HomeOutdoorsNews12-foot great white shark ‘Ironbound’ tracked near Georgia coast

12-foot great white shark ‘Ironbound’ tracked near Georgia coast

by Caitlin Berard
Great white shark similar to Ironbound
(Photo by Whitepointer via Getty Images)

When you think of wildlife migration, the first animal that likely comes to mind is birds – and it makes sense! Every year, birds in V formation move through the sky in droves, their migration patterns clearly visible. What we don’t see are the countless great white sharks moving up and down the coast throughout the year as they migrate with the seasons.

Great white sharks actually have incredibly long migrations, traveling all the way from Canada to Florida on the east coast and from California to Hawaii on the west. Like many of us, sharks prefer warmer areas in the chilly fall and winter months. Come spring and summer, they return to the cool waters of Canada.

So, now that the weather is warming up, great whites are making the long trek from Florida to Canada. And thanks to the work of ocean research organization OCEARCH, we know the exact location of quite a few.

One large boy, a 12-foot, 4-inch mammoth by the name of Ironbound, pinged off the coast of Georgia near the South Carolina border just this week.

Back in January, the great white was exploring the coasts of Fort Lauderdale and Miami, then he enjoyed spring break in the Bahamas (where he appeared in April), and now he’s on his way north again.

Ironbound isn’t as large as he seems – at least, not for a great white

Now, a 12-foot, nearly 1,200-pound shark might seem gigantic – and, in fairness, it is. Twice the height of a relatively tall human isn’t small by any means. Believe it or not, however, Ironbound isn’t that big for a great white shark. In fact, he’s perfectly average.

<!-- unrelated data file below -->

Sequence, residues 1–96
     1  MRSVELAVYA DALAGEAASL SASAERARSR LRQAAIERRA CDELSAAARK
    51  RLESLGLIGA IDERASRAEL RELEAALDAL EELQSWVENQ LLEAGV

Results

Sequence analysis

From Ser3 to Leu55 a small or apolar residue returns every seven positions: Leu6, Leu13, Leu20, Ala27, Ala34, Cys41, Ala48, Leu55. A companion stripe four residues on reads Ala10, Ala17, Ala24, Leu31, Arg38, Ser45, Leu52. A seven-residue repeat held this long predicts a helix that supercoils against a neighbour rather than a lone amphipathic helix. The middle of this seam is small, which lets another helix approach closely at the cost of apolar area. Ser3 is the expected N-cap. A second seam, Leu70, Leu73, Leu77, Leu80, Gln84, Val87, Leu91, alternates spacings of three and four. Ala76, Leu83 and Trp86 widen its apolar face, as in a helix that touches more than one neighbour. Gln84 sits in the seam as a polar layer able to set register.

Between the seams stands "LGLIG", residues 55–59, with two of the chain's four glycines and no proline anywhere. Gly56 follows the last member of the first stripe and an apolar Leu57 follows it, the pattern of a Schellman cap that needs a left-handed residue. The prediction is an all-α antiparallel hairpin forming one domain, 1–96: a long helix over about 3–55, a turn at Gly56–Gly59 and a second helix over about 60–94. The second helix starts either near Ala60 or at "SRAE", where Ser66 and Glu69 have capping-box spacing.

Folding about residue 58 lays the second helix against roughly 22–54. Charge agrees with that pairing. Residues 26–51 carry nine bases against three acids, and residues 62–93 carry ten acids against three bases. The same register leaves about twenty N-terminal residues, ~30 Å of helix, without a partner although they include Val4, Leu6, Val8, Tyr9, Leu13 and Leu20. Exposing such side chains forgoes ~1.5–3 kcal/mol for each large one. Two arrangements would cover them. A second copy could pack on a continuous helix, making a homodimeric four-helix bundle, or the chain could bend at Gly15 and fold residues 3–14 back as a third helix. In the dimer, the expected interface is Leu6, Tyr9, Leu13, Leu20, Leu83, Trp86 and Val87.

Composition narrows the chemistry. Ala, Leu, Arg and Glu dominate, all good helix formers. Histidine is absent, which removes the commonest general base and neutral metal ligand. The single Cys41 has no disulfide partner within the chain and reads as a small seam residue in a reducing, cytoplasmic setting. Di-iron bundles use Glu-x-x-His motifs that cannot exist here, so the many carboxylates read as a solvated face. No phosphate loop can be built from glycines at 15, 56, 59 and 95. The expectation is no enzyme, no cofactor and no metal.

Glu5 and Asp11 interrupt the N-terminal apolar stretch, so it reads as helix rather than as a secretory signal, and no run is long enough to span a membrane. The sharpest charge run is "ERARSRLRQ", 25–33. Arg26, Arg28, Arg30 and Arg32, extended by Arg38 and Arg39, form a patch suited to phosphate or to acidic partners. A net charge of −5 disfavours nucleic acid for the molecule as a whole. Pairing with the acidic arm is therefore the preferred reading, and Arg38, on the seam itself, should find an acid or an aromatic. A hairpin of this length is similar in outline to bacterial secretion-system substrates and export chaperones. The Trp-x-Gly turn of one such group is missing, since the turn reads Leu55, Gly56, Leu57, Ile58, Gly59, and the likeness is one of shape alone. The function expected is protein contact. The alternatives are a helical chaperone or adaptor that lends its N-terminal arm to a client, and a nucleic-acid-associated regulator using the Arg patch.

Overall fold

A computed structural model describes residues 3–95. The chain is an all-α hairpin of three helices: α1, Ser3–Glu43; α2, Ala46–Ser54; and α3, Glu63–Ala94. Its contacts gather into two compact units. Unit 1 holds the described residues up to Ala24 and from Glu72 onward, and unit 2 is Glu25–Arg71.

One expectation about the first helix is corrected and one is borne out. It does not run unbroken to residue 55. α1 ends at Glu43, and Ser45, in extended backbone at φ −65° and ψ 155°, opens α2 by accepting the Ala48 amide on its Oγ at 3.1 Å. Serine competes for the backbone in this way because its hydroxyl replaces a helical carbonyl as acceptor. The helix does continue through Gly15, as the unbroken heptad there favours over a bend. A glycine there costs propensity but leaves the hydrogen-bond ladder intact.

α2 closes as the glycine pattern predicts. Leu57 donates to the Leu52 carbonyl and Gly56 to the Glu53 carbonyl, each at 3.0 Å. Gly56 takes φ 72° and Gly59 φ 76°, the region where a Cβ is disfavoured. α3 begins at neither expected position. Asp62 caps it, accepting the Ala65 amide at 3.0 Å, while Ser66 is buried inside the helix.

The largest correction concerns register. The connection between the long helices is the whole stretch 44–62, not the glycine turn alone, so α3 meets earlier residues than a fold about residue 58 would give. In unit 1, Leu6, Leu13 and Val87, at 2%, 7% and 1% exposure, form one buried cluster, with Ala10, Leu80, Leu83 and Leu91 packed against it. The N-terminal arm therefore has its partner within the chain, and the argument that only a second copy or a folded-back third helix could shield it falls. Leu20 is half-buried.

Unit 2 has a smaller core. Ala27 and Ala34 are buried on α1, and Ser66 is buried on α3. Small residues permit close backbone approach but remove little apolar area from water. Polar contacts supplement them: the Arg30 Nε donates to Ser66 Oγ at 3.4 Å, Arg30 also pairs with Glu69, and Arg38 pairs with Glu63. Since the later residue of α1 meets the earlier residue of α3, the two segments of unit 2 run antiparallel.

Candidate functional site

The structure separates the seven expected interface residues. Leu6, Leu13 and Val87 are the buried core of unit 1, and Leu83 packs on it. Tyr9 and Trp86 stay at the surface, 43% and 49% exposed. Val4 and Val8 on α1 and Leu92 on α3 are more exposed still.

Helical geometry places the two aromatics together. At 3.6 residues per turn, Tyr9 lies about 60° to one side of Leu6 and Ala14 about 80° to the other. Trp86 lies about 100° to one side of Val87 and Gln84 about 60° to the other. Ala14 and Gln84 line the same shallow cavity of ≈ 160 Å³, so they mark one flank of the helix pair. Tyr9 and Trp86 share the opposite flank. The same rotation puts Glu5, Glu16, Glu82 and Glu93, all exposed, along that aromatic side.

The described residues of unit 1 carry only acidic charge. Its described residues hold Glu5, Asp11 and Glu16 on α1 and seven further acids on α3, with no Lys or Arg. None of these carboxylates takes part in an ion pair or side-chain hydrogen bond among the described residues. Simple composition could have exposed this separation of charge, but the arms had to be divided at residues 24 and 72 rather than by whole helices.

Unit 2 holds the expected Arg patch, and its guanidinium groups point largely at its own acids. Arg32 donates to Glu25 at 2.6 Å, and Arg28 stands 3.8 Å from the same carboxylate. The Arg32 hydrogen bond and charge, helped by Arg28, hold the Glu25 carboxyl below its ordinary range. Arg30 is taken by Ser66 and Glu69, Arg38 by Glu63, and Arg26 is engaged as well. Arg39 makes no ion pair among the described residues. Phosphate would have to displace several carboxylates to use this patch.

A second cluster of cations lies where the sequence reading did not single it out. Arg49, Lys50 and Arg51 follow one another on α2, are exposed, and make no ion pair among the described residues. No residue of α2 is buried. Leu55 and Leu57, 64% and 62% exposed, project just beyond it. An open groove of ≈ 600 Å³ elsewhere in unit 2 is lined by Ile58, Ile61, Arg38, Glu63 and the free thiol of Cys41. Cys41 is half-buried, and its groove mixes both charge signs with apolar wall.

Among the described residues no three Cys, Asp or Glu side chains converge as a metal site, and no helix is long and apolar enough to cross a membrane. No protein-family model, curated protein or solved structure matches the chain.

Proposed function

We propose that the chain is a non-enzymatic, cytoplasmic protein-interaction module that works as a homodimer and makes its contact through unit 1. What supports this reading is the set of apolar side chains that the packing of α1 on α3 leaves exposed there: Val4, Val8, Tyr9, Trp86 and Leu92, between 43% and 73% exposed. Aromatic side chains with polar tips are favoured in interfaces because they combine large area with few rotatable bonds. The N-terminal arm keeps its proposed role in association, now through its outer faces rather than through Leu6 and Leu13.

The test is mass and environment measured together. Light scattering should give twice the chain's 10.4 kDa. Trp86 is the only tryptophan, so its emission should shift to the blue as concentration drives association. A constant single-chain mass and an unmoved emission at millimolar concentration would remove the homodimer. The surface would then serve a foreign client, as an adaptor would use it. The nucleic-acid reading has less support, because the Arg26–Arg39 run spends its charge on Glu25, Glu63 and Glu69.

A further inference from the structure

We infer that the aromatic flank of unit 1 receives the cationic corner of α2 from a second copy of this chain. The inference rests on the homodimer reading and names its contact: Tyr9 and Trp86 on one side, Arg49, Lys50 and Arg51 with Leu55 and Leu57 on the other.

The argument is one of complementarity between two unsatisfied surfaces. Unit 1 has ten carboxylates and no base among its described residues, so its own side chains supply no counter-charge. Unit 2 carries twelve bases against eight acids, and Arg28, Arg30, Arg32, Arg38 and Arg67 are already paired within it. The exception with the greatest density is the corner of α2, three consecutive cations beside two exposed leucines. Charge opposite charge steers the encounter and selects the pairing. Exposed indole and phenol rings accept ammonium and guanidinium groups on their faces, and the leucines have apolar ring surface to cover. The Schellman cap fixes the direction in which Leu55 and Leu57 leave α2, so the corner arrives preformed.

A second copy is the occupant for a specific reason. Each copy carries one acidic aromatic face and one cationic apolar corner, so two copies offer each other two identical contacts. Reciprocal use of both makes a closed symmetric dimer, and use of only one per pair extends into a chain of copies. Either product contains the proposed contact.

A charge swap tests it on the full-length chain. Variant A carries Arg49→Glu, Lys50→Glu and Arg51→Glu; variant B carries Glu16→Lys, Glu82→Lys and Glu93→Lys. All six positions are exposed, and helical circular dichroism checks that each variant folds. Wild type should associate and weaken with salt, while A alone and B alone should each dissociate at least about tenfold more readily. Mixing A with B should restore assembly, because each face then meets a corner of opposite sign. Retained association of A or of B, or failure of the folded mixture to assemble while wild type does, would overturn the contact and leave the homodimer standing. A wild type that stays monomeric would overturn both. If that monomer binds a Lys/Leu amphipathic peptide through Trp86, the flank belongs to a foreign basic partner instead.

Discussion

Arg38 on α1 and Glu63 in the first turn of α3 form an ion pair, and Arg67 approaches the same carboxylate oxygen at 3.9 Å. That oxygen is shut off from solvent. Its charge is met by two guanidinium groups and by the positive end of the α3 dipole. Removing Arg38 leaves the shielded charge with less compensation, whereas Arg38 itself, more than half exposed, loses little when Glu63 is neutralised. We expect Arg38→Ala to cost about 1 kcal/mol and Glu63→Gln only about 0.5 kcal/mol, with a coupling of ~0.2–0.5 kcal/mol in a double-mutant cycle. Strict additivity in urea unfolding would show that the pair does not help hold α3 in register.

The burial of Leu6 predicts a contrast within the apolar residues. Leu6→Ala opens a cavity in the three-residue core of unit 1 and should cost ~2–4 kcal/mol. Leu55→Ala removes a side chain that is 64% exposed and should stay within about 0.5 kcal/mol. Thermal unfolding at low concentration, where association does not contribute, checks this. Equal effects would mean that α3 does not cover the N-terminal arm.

The largest great white on record was a female named Deep Blue, a 20-foot leviathan weighing in at an estimated 2.5 tons. On average, though, a female great white is around 15 feet long, while males are slightly smaller at 12 feet.

Great white shark migration patterns vary

In addition to seeking out more comfortable waters in winter, Ironbound and his fellow great white sharks migrate for another reason – they’re following their food! When fish journey to warmer climates for winter, sharks must follow if they want to eat.

Mating also plays a role in the movement of the cartilaginous carnivores. If a mama shark is carrying pups or egg cases, she might venture inshore to provide a safer environment for her coming babies.

Ultimately, there’s no one size fits all route or timetable for great white shark migration. They go when and where the current (and their favorite snack) takes them.

“We often see white sharks move down from Canadian waters to Florida. However, this is not a ‘hard and fast’ rule,” Gavin Naylor, director of the Florida Program for Shark Research, told Newsweek. “White sharks are quite large and, as a result, have considerable thermal inertia.”

“This means they don’t ‘warm up’ or ‘cool down’ as much as would smaller animals,” he continued. “So temperature per se is less of a driver of movement than is food availability. If you look at multiple white shark tracks in the Northwest Atlantic, you will see that they are all over the place.”

Using its tagging and tracking system, OCEARCH has followed Ironbound for the past four years. In that time, the great white shark has traveled an incredible 15,145 miles. To put that into perspective, it takes just under 25,000 miles to travel all the way around the world.